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Moonlight Mile (Kenzie and Gennaro) Hardcover – Bargain Price, November 2, 2010

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Product Details

  • Series: Kenzie and Gennaro
  • Hardcover: 336 pages
  • Publisher: William Morrow; First Edition edition (November 2, 2010)
  • Language: English
  • ISBN-10: 0061836923
  • ASIN: B0078XPKIY
  • Product Dimensions: 9 x 5.9 x 1.2 inches
  • Shipping Weight: 1.1 pounds (View shipping rates and policies)
  • Average Customer Review: 3.6 out of 5 stars  See all reviews (348 customer reviews)
  • Amazon Best Sellers Rank: #420,622 in Books (See Top 100 in Books)

Editorial Reviews Review

Amazon Best Books of the Month, November 2010: It’s tough going for a good man in a messed-up world, particularly in Dennis Lehane's Boston. Patrick Kenzie knows he did the right thing twelve years ago (during the events in Gone, Baby, Gone) when he located missing 4-year-old Amanda McCready and returned her to her neglectful mother, even though she would’ve been better off with her kidnappers. That doesn’t mean he’s had an easy time living with his decision. In Moonlight Mile, Patrick is still scraping by as a freelance PI, but now he’s married to his former partner Angie Gennaro and with a daughter of his own. When Patrick learns that once again Amanda McCready’s gone missing, his conscience gets the better of him and he's soon on the trail of the enigmatic 16-year-old, only to discover that the moral complexity of his work has not lessened with time. And neither has Lehane's talent as a top-notch crime writer. Much like a cup of Dunkin' Donuts coffee, Lehane never fails to satisfy and the latest Patrick and Angie story is no less addictive. --Shane Hansanuwat

From Publishers Weekly

An old case takes on new dimensions in Lehane's sixth crime novel to feature Boston PIs Patrick Kenzie and Angie Gennaro, last seen in 1999's Prayers for Rain. Twelve years earlier, in 1998's Gone, Baby, Gone, Patrick and Angie investigated the kidnapping of four-year-old Amanda McCready. The case drove a temporary wedge between the pair after Patrick returned Amanda to her mother's neglectful care. Now Patrick and Angie are married, the parents of four-year-old Gabriella, and barely making ends meet with Patrick's PI gigs while Angie finishes graduate school. But when Amanda's aunt comes to Patrick and tells him that Amanda, now a 16-year-old honor student, is once again missing, he vows to find the girl, even if it means confronting the consequences of choices he made that have haunted him for years. While Lehane addresses much of the moral ambiguity from Gone, this entry lacks some of the gritty rawness of the early Kenzie and Gennaro books. (Nov.) (c)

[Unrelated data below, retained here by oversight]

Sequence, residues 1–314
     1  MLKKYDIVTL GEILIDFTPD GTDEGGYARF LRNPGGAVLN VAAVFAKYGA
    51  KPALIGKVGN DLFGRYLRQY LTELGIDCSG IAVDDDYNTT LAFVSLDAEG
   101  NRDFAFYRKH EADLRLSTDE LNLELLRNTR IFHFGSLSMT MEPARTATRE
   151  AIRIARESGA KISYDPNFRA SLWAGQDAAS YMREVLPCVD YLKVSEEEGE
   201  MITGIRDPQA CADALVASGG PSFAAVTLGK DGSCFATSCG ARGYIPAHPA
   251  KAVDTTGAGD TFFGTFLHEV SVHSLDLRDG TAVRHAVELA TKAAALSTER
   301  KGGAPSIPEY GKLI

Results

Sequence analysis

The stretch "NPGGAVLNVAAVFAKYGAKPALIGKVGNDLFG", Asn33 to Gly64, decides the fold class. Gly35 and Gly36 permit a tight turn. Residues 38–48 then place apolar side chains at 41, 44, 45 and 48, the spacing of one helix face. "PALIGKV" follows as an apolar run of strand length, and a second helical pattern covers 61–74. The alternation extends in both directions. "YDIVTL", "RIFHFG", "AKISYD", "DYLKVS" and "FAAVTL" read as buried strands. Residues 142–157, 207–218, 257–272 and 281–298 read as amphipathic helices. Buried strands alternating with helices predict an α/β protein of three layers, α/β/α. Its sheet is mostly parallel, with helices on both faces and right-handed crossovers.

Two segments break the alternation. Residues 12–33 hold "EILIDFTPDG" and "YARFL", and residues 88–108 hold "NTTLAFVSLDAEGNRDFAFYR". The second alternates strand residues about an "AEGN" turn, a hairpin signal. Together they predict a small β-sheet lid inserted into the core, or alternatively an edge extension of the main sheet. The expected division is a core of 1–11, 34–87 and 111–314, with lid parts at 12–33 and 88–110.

Copyright © Reed Business Information, a division of Reed Elsevier Inc. All rights reserved.

More About the Author

Dennis Lehane was born and raised in Dorchester, Massachusetts. He is the author of A Drink Before the War, which won the Shamus Award for Best First Novel; Darkness, Take My Hand; Sacred; Gone, Baby, Gone; Prayers for Rain; and the New York Times bestsellers Mystic River and Shutter Island.

Mystic River was a finalist for the PEN/Winship Award and won both the Anthony Award and the Barry Award for Best Novel, as well as the Massachusetts Book Award in Fiction given by the Massachusetts Center for the Book. Coronado, a collection of five stories and a play, was published in the fall of 2006 and includes the story "Until Gwen," which was adapted for the stage.

Lehane's work has been translated into 22 languages. He holds an MFA from Florida International University and is the writer-in-residence at Eckerd College in St. Petersburg, Florida, where he runs the Writers in Paradise writers' conference. Before becoming a full-time writer, Lehane worked as a counselor with mentally handicapped and abused children, waited tables, parked cars, drove limos, worked in bookstores, and loaded tractor-trailers. He lives in the Boston area.

Customer Reviews

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Most Helpful Customer Reviews

Format: Hardcover Vine Customer Review of Free Product ( What's this? )
Having enjoyed all of Lehane's books and being a particulary big fan of the Kenzie-Gennaro mysteries (especially Gone, Baby, Gone), I couldn't wait to read Moonlight Mile to catch up on the lives of my old friends. I'm sure most other readers who are big fans of Lehane's books and of this series will feel compelled to read this sequel to Gone, Baby, Gone, which takes place twelve years later. However, let me forewarn you that after reading this book you are likely to feel disappointed and a bit sorry to have gone back to visit Patrick, Angie, Bubba and Amanda (the girl who was an integral part of Gone, Baby, Gone).

My disappointment with Moonlight Mile has nothing to do with Lehane's plot concept, which is a good one. The plot invloves Kenzie and Gennaro, haunted by the past, revisiting the case that troubled them the most, following a twelve-year trail of secrets and lies. Believing that this time will be different, they vow to make good on their promise to find Amanda, who has once again disappeared. This vow leads them down a path that could cost them their lives.